Review: Addicted cop was allowed to work
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The Southampton Town Police Department's now-disbanded Street Crime Unit kept shoddy control of drug evidence and allowed an officer addicted to painkillers to remain on the job, even after his wife pleaded with his supervisor to intervene, according to the former police chief as well as documents reviewed by Newsday.
The revelations provide new details in a yearlong review of more than 100 cases by the Suffolk County district attorney's office that already has led to the dismissal of drug convictions against three individuals -- two of whom were released from prison -- and could result in more, according to a person familiar with the case. Two police officers also had been suspended in the case.
The documents show that Police Officer Eric Sickles, a decorated member of the drug-crimes unit, acknowledged that he began taking OxyContin in late 2010 for a back injury and was addicted to oxycodone since at least 2011. He was taking a mixture of other prescription drugs for anxiety, depression and high blood pressure, while conducting investigations and making arrests.
Sickles' wife, Erica, gave a sworn statement in a town investigation, pleading for his boss, Lt. James Kiernan, to act.
"I told him about Eric taking his gun home and falling asleep with it on the table," Sickles' wife wrote.
Doctor's note sufficed
Kiernan allowed Sickles to return to active duty, asking only for a doctor's note, according to documents. "I remember thinking it's not right," Erica Sickles said in her statement. "How could a note be enough to go back to work . . . "
Sickles was suspended last year and underwent treatment. He remains under suspension.
Kiernan, who was suspended between May and November, pleaded guilty in October to administrative charges of "incompetency or inefficiency" and "conduct which brings discredit upon the department" in a plea agreement with the town, according to the documents.
He admitted to four of 32 charges he had been facing, including failing to immediately report a prescription drug-addicted officer who was on the drug unit, and giving a false statement to internal affairs investigators, according to a Southampton administrative settlement agreement.
Kiernan lost 73 days of sick, vacation and personal time. He is back on the job as a lieutenant supervising the town's patrol officers.
PBA: He was a scapegoat
Kiernan, who had overseen the Street Crime Unit since 2006, declined to comment, said his attorney Ray Perini, who noted Kiernan did not lose rank and said he was hoping to have those records expunged by the town board.
Speaking on behalf of Sickles, Det. Kevin Gwinn, vice president of the Southampton Town Patrolmen's Benevolent Association, said town officials are using Sickles "as a scapegoat. All Eric Sickles did was raise his hand and say he needed help."
The documents make clear that the officer's drug addiction was central to the DA's review.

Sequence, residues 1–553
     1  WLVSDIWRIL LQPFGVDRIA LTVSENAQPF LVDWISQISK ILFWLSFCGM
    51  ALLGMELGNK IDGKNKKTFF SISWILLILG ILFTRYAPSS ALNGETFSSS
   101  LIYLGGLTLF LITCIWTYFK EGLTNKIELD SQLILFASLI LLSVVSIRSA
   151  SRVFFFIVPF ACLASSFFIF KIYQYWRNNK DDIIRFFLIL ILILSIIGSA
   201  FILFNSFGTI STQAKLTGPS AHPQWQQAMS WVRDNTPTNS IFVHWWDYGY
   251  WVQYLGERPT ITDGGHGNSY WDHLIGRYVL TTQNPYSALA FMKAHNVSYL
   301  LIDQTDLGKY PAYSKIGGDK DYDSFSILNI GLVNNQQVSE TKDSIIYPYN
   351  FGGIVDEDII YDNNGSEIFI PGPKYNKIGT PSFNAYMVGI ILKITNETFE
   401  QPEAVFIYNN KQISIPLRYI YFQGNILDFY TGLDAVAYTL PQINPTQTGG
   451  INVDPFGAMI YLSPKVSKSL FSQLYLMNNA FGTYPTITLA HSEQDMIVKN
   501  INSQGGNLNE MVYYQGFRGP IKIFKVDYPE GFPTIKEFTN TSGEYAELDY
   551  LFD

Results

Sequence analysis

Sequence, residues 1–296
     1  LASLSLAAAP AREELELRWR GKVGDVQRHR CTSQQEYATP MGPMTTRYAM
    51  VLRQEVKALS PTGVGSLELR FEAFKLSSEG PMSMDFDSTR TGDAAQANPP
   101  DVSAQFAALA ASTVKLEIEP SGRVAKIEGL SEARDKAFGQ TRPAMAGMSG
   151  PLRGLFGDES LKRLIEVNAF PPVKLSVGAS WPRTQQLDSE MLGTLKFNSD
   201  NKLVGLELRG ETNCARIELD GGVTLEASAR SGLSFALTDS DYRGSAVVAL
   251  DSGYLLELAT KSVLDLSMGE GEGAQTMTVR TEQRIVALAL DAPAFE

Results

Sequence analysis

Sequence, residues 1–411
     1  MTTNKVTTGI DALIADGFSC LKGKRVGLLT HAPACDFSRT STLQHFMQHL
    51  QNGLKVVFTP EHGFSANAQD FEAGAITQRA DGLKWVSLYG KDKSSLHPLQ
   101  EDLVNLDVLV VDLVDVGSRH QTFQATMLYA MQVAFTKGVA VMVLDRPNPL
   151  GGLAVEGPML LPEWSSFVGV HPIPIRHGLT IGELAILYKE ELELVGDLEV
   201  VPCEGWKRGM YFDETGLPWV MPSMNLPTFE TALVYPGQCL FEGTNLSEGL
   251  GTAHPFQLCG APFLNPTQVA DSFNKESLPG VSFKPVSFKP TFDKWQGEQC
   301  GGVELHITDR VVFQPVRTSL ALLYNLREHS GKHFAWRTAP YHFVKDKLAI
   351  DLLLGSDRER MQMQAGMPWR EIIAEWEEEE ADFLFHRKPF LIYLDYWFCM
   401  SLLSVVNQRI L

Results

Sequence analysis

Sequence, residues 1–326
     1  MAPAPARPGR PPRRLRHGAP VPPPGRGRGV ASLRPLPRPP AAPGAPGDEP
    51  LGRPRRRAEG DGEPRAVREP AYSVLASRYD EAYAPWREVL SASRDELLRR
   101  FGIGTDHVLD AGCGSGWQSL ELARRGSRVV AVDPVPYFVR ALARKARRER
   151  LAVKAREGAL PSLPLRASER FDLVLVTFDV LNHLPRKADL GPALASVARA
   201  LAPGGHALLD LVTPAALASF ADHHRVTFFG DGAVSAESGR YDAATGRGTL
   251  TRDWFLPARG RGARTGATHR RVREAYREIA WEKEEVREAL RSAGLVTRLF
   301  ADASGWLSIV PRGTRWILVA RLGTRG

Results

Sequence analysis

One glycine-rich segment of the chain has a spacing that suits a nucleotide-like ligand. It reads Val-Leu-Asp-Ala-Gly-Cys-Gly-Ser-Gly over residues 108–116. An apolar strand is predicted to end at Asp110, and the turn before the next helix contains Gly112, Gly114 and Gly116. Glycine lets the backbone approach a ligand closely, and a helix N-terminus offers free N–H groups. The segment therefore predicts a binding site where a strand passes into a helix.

In an April 26 letter to former Southampton Police Chief William Wilson Jr. and the Southampton Town attorney, Tiffany Scarlato, the Suffolk district attorney's office disclosed the nature of its probe.
"This office has received allegations that for some period of time, a Town of Southampton police officer with a known drug problem was permitted to function in active duty," wrote Christopher McPartland, division chief of investigations. The district attorney, he wrote, "is obligated by the United States Constitution and other legal requirements to provide exculpatory evidence and information in its possession to defendants charged with crimes."
Convictions tossed out
Because of the district attorney's review, two convicted drug dealers, Mohammed Proctor and Bernard Cooks, were released last year.
Jeltje DeJong, an outside attorney representing Southampton Town in civil cases stemming from the issue, said town police officers in each of the cases "acted in accordance with the law." She called it "unfortunate that the DA vacated those decisions." Nevertheless, she said, "In each case, we believe the jury will find in favor of the police and the town."
Wilson in an interview contended that the problems with the Street Crime Unit didn't begin and end with the Sickles case, citing in particular poor handling of evidence.
Wilson said that when he discovered the condition of the Street Crime Unit -- potential drugs and cash left unsecured and uncataloged -- "I treated it like a homicide scene."
He said proper handling of evidence is key to preserving prosecutions. Uncataloged drugs or paraphernalia could be used to plant evidence, he said, though he was careful to say he was not accusing anyone of that.
"Criminal prosecutions are built on evidence, and the sanitary condition of evidence," he said. "You cannot have items of evidence, associated with a case, like seized marijuana -- you can't have it lying around in desk drawers, or cabinets. That's no good."
Perini downplayed the significance of the evidence room, saying that "90 percent" of the drugs tested were over-the-counter drugs. The pipes and rolling papers, which were photographed, were props used by undercover officers making drug buys, he said.
"This isn't the Mollen Commission or Serpico," he said, referring to two NYPD corruption cases. "This is something that's being blown out of proportion."